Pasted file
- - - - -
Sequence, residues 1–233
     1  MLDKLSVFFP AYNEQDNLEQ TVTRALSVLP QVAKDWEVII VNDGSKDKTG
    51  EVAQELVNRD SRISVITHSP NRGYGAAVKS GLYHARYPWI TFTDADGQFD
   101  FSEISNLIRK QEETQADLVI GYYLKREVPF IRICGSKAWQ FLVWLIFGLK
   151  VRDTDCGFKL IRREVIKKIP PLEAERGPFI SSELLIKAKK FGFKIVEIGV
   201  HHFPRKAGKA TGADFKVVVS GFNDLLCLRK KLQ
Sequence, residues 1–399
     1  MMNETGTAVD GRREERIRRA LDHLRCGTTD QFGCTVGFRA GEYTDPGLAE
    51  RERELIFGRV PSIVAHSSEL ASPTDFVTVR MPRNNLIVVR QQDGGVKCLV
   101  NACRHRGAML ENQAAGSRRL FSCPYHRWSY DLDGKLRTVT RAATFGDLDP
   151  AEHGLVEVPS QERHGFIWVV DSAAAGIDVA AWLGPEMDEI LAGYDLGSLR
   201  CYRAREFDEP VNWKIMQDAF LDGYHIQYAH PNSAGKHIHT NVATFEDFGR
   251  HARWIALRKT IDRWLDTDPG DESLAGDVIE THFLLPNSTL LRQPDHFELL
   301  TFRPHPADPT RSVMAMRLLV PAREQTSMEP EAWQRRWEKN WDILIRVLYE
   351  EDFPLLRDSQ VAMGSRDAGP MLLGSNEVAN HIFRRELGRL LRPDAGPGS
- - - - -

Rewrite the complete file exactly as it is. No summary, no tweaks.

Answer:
Sequence, residues 1–233
     1  MLDKLSVFFP AYNEQDNLEQ TVTRALSVLP QVAKDWEVII VNDGSKDKTG
    51  EVAQELVNRD SRISVITHSP NRGYGAAVKS GLYHARYPWI TFTDADGQFD
   101  FSEISNLIRK QEETQADLVI GYYLKREVPF IRICGSKAWQ FLVWLIFGLK
   151  VRDTDCGFKL IRREVIKKIP PLEAERGPFI SSELLIKAKK FGFKIVEIGV
   201  HHFPRKAGKA TGADFKVVVS GFNDLLCLRK KLQ
Sequence, residues 1–399
     1  MMNETGTAVD GRREERIRRA LDHLRCGTTD QFGCTVGFRA GEYTDPGLAE
    51  RERELIFGRV PSIVAHSSEL ASPTDFVTVR MPRNNLIVVR QQDGGVKCLV
   101  NACRHRGAML ENQAAGSRRL FSCPYHRWSY DLDGKLRTVT RAATFGDLDP
   151  AEHGLVEVPS QERHGFIWVV DSAAAGIDVA AWLGPEMDEI LAGYDLGSLR
   201  CYRAREFDEP VNWKIMQDAF LDGYHIQYAH PNSAGKHIHT NVATFEDFGR
   251  HARWIALRKT IDRWLDTDPG DESLAGDVIE THFLLPNSTL LRQPDHFELL
   301  TFRPHPADPT RSVMAMRLLV PAREQTSMEP EAWQRRWEKN WDILIRVLYE
   351  EDFPLLRDSQ VAMGSRDAGP MLLGSNEVAN HIFRRELGRL LRPDAGPGS